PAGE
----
An extreme simplification of the case is to use the next analogy to find a solution:
Current source I1 pumps certain heating power into the box. Its current in amps is the heating power in watts. The thermal capacity of the box +what's inside is the capacitance of C1. The temperature of the box air as kelvins is the voltage of NODE1.
There's leakage between the ambience and the box interior. The thermal resistance Rt, where ohms can be directly seen as kelvins per watt, determines together with the capacitance the time constant of the temperature change. The thermal resistance and the ambient temperature (=VA) determine how high a certain heating power (=I1) can finally lift the box interior temperature (=voltage of NODE1)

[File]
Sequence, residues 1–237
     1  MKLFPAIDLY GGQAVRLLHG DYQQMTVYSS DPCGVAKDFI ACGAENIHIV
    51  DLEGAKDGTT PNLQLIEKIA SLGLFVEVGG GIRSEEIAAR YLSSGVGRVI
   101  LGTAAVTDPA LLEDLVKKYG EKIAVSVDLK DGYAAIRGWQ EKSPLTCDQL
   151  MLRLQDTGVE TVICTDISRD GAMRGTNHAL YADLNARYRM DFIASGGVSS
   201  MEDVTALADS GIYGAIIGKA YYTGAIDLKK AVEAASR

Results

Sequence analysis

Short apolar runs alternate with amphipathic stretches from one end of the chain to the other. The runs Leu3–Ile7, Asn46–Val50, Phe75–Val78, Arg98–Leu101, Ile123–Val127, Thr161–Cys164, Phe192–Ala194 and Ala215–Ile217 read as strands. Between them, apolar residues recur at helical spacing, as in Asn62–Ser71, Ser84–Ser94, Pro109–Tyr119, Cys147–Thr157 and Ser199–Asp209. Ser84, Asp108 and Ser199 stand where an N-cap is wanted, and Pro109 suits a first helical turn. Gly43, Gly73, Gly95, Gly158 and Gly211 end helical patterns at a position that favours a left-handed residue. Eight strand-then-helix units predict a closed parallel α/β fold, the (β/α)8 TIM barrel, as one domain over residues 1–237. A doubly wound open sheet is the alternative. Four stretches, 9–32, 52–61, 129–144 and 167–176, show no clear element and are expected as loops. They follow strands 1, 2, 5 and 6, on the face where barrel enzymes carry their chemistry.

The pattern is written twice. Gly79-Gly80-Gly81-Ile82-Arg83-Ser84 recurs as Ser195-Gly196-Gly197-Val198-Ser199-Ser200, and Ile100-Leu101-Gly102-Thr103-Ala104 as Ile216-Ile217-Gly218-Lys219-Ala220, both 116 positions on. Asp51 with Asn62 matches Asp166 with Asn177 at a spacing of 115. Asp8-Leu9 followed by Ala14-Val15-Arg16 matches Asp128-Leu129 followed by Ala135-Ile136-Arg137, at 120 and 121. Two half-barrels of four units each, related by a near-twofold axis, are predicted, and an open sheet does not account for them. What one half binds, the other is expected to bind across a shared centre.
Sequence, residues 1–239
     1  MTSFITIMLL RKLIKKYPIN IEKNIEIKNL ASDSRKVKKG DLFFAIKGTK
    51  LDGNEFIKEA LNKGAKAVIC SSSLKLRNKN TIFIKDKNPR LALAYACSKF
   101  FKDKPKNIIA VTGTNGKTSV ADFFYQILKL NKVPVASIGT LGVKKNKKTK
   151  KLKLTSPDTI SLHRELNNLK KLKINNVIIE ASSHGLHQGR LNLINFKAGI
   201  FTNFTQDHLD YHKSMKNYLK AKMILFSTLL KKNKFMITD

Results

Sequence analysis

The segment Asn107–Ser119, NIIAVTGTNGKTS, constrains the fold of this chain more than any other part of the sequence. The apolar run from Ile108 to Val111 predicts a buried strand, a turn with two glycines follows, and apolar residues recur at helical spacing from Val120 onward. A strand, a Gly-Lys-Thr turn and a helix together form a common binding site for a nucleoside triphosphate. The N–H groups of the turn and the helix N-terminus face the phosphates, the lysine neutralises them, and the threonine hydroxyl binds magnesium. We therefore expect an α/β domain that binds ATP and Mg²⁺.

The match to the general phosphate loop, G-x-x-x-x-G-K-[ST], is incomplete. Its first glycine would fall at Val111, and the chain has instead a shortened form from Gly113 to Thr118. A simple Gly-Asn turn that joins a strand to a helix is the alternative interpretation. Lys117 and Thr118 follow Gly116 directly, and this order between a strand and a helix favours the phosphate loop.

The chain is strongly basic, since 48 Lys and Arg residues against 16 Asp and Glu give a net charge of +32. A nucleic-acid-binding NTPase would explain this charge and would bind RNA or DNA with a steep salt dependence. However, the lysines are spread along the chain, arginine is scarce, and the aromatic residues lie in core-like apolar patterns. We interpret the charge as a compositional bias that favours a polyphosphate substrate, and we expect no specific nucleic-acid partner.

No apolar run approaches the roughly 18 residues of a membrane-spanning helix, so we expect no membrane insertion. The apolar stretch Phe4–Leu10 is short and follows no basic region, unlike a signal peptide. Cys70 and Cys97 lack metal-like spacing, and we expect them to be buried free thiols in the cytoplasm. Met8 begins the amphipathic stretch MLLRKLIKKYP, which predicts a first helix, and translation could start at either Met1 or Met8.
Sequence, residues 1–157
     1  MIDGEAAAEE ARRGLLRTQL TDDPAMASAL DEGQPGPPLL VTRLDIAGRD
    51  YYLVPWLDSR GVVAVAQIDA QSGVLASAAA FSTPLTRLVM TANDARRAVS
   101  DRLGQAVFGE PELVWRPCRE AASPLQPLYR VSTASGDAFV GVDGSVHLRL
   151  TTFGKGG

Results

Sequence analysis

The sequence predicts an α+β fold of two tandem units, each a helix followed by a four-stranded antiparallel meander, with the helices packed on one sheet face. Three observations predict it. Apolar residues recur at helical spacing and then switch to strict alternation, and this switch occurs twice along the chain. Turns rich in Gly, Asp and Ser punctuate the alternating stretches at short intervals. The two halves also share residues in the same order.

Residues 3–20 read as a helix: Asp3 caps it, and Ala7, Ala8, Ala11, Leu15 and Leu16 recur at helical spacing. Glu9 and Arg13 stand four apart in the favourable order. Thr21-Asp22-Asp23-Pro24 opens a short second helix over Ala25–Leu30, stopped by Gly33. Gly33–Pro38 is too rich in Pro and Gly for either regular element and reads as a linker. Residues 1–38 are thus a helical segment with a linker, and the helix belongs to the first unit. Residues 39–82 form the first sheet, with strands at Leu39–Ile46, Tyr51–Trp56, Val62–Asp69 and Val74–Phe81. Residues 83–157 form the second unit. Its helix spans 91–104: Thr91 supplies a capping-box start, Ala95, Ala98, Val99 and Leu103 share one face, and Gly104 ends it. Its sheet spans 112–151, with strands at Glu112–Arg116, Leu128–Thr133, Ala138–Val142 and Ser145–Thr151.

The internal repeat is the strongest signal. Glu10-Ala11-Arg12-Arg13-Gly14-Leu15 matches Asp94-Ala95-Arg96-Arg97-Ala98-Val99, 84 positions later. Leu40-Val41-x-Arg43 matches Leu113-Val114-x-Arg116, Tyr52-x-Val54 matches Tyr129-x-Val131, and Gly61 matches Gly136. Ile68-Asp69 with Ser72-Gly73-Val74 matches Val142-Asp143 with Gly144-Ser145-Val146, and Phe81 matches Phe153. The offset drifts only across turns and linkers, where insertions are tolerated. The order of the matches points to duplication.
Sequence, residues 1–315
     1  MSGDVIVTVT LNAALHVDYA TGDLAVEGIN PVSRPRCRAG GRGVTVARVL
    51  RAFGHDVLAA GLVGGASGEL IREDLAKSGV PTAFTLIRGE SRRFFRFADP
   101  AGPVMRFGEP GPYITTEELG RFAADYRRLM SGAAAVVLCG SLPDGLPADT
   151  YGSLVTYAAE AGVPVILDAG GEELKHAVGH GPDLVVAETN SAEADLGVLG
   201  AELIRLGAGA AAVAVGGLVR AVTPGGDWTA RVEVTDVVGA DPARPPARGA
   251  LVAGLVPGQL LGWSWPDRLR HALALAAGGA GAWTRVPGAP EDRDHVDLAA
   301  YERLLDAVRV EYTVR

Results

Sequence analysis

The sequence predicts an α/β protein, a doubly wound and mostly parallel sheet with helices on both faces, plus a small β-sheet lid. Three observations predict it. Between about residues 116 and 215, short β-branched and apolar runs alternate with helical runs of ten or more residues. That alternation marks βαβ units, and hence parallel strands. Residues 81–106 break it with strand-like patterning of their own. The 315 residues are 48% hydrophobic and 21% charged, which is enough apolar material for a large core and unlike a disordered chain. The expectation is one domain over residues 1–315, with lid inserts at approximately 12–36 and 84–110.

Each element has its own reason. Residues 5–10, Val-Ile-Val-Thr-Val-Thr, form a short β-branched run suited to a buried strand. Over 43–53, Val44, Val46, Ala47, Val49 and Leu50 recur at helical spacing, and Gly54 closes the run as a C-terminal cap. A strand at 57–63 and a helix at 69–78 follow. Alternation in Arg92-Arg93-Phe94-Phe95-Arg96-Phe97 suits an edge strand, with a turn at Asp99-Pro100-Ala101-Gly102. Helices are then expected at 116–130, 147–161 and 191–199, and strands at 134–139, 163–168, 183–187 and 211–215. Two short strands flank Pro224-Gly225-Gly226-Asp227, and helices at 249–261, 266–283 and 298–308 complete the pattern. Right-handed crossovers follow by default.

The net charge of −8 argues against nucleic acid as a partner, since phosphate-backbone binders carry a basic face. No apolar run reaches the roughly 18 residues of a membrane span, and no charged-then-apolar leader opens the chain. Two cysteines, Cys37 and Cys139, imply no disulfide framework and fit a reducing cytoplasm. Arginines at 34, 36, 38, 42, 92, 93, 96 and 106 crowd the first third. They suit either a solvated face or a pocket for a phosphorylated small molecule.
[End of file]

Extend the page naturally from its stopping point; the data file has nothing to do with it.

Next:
You do not know the capacitance nor the resistance but you can measure them. Put a few watt known heating power and follow how high the temperature finally rises. It and the ambient temperature give how much is the resistance.
When you know the resistance you can calculate the capacitance by letting the system cool. The temperature decays towards the ambient temperature with time constant R1 * C1.
After you know the resistance and the capacitance you simply calculate how much power (=I1) you need to the wanted temperature rise in the wanted time and how much power you need to maintain the wanted temperature. A circuit simulator can be used to search the initial heating power if you hate calculations with exponential and time constant.
You still need a thermostat to be sure no overheating occurs and to take into the account automatically the variations of the ambient temperature.
BTW. The capacitance in farads directly presents the the thermal capacity= watts per (kelvins per second) or as well =joules per kelvin.